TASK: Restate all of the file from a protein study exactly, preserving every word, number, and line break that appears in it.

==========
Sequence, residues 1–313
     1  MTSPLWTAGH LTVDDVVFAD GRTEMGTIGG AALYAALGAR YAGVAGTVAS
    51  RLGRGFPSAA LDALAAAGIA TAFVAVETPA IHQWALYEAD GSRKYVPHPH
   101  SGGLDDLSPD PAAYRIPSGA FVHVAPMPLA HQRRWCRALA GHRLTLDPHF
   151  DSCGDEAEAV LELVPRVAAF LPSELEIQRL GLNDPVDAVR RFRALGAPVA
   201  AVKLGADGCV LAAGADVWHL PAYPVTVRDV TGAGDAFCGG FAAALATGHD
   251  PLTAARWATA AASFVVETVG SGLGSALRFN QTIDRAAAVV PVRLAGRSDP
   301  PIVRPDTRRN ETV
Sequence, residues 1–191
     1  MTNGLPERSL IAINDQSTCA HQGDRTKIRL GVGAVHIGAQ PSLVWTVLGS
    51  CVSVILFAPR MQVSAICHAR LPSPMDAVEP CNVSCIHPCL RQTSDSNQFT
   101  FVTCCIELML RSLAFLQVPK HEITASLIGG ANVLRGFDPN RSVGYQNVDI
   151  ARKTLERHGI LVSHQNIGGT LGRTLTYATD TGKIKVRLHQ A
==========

Sequence, residues 1–313
     1  MTSPLWTAGH LTVDDVVFAD GRTEMGTIGG AALYAALGAR YAGVAGTVAS
    51  RLGRGFPSAA LDALAAAGIA TAFVAVETPA IHQWALYEAD GSRKYVPHPH
   101  SGGLDDLSPD PAAYRIPSGA FVHVAPMPLA HQRRWCRALA GHRLTLDPHF
   151  DSCGDEAEAV LELVPRVAAF LPSELEIQRL GLNDPVDAVR RFRALGAPVA
   201  AVKLGADGCV LAAGADVWHL PAYPVTVRDV TGAGDAFCGG FAAALATGHD
   251  PLTAARWATA AASFVVETVG SGLGSALRFN QTIDRAAAVV PVRLAGRSDP
   301  PIVRPDTRRN ETV
Sequence, residues 1–191
     1  MTNGLPERSL IAINDQSTCA HQGDRTKIRL GVGAVHIGAQ PSLVWTVLGS
    51  CVSVILFAPR MQVSAICHAR LPSPMDAVEP CNVSCIHPCL RQTSDSNQFT
   101  FVTCCIELML RSLAFLQVPK HEITASLIGG ANVLRGFDPN RSVGYQNVDI
   151  ARKTLERHGI LVSHQNIGGT LGRTLTYATD TGKIKVRLHQ A